Sigh. It’s a weeknight. You’re tired. You’re hungry. You’re out of dinner ideas. Never fear! I have a quicky, easy weeknight meal for you to try. Today, I am going to introduce a meal that is versatile, quick, and easy to cook. The technique – “en papillote” – is one you can use over and over with a variety of ingredients. Continue reading Quick, easy weeknight meal: Baked Salmon en Papillote→
Great! You have some free time to go on a date. But, you are on a budget. Don’t worry. Whether you have a significant other, want to enjoy a “friend” date, or would just like a special night to yourself, here are 17 ideas you can use: Continue reading 17 Budget-Friendly Date Ideas→
I’m going to share a secret about one of the most productive ways you can get the latest news and information: listen to audiocasts. Why? Because you can do other tasks while listening, you can access the content easily if you have a smartphone, and it prevents you from reading from a screen. Continue reading How to be Productive→
This week, I am dedicating my blog to a person who had a warm, generous heart; a keen, artistic eye; and a remarkably green thumb. My grandmother passed away last week, and I regret not writing a blog post about her sooner. She is deeply missed by me and all who knew her. Continue reading Remembering Grandma→
It’s a rainy day (welcome to spring), and you aren’t quite sure what to do with yourself or (if you have them) with your kids. Here are 15 ideas for a rainy day.
Ideas for a rainy day: Get creative
Turn off the TV. Some folks turn to the TV when they are faced with a “stay inside” kind of day. My advice? Give up the TV – even if it’s just for that afternoon.
Learn a new song. If you play an instrument, take the time to perfect a song. If you don’t play, learn the lyrics of a new song or even try a new dance. If anything, turn on Pandora in the background – music can bring more joy to the most mundane activity.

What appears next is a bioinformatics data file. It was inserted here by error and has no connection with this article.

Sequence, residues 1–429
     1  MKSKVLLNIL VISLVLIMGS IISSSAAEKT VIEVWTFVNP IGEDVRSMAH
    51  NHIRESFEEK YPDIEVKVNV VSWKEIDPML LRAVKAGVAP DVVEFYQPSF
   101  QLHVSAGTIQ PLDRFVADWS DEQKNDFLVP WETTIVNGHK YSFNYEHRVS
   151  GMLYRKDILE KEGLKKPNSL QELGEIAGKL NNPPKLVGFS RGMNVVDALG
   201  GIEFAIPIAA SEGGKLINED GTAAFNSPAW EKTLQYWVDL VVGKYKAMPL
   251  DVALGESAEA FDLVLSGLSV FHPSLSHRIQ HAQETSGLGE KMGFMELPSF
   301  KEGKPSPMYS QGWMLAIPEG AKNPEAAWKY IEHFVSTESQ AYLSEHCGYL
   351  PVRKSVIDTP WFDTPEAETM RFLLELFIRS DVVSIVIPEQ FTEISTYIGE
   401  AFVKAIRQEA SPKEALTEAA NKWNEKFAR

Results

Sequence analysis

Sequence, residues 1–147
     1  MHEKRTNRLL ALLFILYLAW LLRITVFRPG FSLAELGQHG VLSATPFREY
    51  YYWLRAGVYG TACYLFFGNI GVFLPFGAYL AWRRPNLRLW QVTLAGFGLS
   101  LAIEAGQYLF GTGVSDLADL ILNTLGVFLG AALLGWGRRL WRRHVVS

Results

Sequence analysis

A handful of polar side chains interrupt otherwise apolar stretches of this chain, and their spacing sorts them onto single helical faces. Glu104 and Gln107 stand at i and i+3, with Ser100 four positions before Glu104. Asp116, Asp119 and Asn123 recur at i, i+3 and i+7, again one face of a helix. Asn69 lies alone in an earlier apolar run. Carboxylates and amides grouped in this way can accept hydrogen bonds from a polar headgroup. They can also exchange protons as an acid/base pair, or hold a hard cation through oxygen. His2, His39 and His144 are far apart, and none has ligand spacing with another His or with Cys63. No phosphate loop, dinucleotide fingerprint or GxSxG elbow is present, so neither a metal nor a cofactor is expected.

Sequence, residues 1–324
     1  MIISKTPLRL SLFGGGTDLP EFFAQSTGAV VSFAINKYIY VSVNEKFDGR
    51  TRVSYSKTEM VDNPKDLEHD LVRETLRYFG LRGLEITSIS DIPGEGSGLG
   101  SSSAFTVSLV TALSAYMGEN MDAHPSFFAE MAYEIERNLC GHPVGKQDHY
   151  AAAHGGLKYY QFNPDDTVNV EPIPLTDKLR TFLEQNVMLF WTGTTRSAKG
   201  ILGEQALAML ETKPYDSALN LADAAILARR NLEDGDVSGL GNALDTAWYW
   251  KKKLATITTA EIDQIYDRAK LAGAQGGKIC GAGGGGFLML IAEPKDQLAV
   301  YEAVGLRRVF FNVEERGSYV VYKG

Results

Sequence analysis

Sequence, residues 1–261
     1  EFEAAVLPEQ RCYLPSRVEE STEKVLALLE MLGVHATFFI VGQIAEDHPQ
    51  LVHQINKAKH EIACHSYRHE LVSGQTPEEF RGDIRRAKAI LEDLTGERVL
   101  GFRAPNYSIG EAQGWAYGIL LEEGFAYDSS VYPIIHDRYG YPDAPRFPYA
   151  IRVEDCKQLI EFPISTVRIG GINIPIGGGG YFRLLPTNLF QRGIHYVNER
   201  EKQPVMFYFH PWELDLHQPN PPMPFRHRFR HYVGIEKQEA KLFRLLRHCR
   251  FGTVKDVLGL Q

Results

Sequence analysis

Try a new craft. That can be something as simple as coloring (for adults and kids), or as complex as a new sewing project. A quick trip to the craft store presents endless possibilities.
Forage for usable trash. Not interested in leaving the house? Never fear! Forage through your house for usable trash. Kids love this activity. You will be amazed at the games that come from a few toilet paper rolls, a box, some string, an egg carton, and a pile dried elbow macaroni. As an adult, try covering an old shoe box with fabric or leather to create an expensive-looking container. Or, create a mosaic from broken dishes, shells, or tile.
Ideas for a rainy day: Be productive
Eat that frog. In my post to help you stop procrastinating, I talk about “eating the frog.” What does that mean? Tackle your “frogs,” those ugly items that haunt your to-do list, first thing. 1 How can you tell a task is a frog? Maybe the task that has been sitting in your queue for over a week, or you have danced around this task by completing related tasks.